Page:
Although its initial puzzles are simple "fill in the blank" challenges that just so happen to be using prose from Pride and Prejudice, the game evolves to present over 20 different kinds of word play across tons of different titles that you can engage with on your own terms. If you want to play at a leisurely pace, great, but you can also turn things up a notch with speed reading difficulty settings and a daily challenge that gets harder over the course of a week.

Update: Dear Reader continues to be a strong title among Apple Arcade offerings. Adding a dark mode is tremendous (as someone who prefers light text on dark backgrounds), and more books means there’s more things to read. Seriously, play this game if you haven’t already. The daily challenge alone makes me feel ok with my Apple Arcade subscription.

Update: Dear Readergot updated with an additional layer of challenges, which personally don’t feel like they add a whole lot to the game. I’m perfectly happy continuing to play daily challenges and unlock books as they arrive, and perhaps the game’s updated tutorial might get a few new people feeling the same way.


11. Outlanders

Description:

Outlanders is a small-scale city builder where you manage a small community of rural villagers and attempt to reach goals set by their village leaders. You build small houses, harvest mushrooms, chop wood, etc. but things never get too developed. You need to manage the simple tools here and the available people in your village to do things like produce specific amounts of food or rebuild after a disaster.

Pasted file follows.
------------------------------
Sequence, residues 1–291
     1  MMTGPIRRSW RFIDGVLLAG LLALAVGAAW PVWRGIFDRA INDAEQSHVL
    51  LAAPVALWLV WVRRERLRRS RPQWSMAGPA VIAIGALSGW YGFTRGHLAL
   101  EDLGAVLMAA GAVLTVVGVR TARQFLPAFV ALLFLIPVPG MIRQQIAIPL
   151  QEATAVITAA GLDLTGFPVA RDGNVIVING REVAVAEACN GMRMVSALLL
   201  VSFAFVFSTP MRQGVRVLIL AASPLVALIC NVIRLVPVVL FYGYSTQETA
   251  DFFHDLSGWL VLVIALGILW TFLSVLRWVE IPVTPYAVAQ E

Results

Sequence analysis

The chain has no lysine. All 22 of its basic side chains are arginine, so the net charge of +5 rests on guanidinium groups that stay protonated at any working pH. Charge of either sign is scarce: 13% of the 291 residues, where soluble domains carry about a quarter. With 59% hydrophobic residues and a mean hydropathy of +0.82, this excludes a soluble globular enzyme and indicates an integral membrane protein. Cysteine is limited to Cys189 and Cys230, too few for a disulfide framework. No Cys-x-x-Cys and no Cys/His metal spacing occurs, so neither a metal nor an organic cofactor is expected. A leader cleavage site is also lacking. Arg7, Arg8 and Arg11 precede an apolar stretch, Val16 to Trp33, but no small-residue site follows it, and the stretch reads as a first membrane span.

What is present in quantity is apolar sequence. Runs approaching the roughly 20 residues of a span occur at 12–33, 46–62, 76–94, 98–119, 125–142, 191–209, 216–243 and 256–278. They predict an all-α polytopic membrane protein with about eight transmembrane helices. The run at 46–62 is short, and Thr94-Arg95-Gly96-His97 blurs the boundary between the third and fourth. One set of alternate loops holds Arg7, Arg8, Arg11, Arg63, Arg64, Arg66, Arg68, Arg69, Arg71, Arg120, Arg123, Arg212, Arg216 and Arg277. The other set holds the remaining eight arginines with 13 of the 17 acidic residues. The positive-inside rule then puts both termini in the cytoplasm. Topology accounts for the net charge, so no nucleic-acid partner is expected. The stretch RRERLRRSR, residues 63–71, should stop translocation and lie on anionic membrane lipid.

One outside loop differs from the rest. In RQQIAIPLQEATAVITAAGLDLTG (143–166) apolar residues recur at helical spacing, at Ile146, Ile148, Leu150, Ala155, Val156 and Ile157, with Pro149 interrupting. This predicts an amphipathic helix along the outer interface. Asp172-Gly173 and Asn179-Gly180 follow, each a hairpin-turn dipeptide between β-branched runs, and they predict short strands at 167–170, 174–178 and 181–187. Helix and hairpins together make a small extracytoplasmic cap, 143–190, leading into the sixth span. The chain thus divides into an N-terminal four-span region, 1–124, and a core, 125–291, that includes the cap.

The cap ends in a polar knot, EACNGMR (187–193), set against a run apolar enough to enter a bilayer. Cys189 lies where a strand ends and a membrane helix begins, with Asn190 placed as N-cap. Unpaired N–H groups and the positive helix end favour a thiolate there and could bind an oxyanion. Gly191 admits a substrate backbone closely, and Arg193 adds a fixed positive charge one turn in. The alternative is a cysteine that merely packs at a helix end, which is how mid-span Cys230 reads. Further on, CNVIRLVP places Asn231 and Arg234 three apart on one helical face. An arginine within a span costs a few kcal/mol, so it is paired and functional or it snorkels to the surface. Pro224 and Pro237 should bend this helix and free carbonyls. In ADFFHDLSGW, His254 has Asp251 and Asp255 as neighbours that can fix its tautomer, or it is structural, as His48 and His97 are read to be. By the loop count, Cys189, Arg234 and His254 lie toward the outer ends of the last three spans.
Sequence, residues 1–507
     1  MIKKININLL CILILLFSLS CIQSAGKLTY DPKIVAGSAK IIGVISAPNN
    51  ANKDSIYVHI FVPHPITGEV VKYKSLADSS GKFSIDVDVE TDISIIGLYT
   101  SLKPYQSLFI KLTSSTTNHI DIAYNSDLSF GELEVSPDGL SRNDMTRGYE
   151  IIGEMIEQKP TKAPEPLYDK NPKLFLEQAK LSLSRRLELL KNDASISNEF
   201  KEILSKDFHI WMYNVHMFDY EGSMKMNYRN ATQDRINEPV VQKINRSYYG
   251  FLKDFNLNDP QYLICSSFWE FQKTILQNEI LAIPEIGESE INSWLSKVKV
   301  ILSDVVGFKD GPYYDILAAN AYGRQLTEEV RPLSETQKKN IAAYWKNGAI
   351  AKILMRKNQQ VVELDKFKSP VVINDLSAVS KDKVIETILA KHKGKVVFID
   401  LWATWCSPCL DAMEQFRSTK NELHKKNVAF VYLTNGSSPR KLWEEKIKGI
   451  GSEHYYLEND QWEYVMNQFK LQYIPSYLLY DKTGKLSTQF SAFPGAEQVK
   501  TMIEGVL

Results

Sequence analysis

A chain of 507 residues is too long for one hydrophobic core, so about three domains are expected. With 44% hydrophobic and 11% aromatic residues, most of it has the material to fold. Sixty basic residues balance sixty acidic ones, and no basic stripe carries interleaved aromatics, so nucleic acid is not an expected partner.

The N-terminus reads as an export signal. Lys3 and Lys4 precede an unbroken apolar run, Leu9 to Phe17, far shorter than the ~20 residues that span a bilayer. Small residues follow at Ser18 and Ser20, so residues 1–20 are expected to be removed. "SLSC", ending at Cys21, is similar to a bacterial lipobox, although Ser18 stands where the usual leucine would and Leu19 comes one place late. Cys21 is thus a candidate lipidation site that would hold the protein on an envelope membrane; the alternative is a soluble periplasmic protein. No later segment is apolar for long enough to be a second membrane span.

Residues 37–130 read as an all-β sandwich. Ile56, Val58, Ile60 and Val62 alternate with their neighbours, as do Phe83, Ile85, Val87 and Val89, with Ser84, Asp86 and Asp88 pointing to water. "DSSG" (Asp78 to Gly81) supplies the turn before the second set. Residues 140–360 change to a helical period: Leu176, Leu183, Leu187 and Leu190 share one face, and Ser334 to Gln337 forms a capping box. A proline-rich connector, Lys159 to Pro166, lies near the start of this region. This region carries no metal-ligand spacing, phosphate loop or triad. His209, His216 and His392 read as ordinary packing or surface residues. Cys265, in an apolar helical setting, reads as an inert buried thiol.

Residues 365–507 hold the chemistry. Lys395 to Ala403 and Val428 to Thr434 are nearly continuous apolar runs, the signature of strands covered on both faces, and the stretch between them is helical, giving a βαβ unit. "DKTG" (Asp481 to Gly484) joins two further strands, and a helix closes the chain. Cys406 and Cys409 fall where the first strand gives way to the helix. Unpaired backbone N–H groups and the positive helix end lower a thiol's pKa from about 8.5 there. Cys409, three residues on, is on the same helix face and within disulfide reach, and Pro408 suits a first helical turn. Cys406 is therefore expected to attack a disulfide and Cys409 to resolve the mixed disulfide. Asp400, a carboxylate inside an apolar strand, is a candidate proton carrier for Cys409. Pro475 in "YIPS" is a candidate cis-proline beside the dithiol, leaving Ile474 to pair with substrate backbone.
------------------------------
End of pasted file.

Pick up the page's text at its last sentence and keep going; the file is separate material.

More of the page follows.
Rank Explanation:

Calling Outlanders a city builder is actually a kind of a misnomer. Although you do manage the building up of your community, the whole experience is more like a puzzle game than anything else. This is because each level sets specific, time-based goals and there’s no sandbox mode that lets you just build whatever you want.

All of this takes place in a gorgeous world that heats up your phone to worrying temperatures fairly quickly. This, plus its slow pace and poor checkpointing make for a somewhat more disappointing game than it might otherwise be.

Update: The latest update to Outlanders makes it truly feel like a city builder now. You can now make your own little society in sandbox mode without having to worry about fulfilling specific requirements or using a limited toolset. The game also seems better optimized so it doesn’t heat up devices quite as much. Overall, it’s a massive improvement, making it one of Apple Arcade’s best offerings.


12. Tangle Tower

Description:

In Tangle Tower, you play as a pair of detectives, Grimoire and Sally, who are investigating a murder at Tangle Tower, an elaborate and mysterious mansion co-owned by two families. During your investigation, you interview the various family members, inspect rooms for clues, and solve puzzles to reveal new information and push the case forward.

Rank Explanation:

Tangle Tower scores lots of points for its animation work and voice acting. Characters are bursting with personality and charm. The game also has clever puzzle design mechanics that prevent you from getting stuck without needing hints. That being said though, it can sometimes feel like Tangle Tower pushes you down paths of deduction that you—the player—haven’t put together independently, which can be a little disappointing sometimes.

The final thing to note about Tangle Tower is how elegantly designed it is to work on mobile. Having full dialogue that is pause-able, indicators that let you know what you’ve already done, and suggestions of where to go once you get a break in the case all make it easy to jump in and out of this murder mystery without ever feeling like you’ll lose momentum.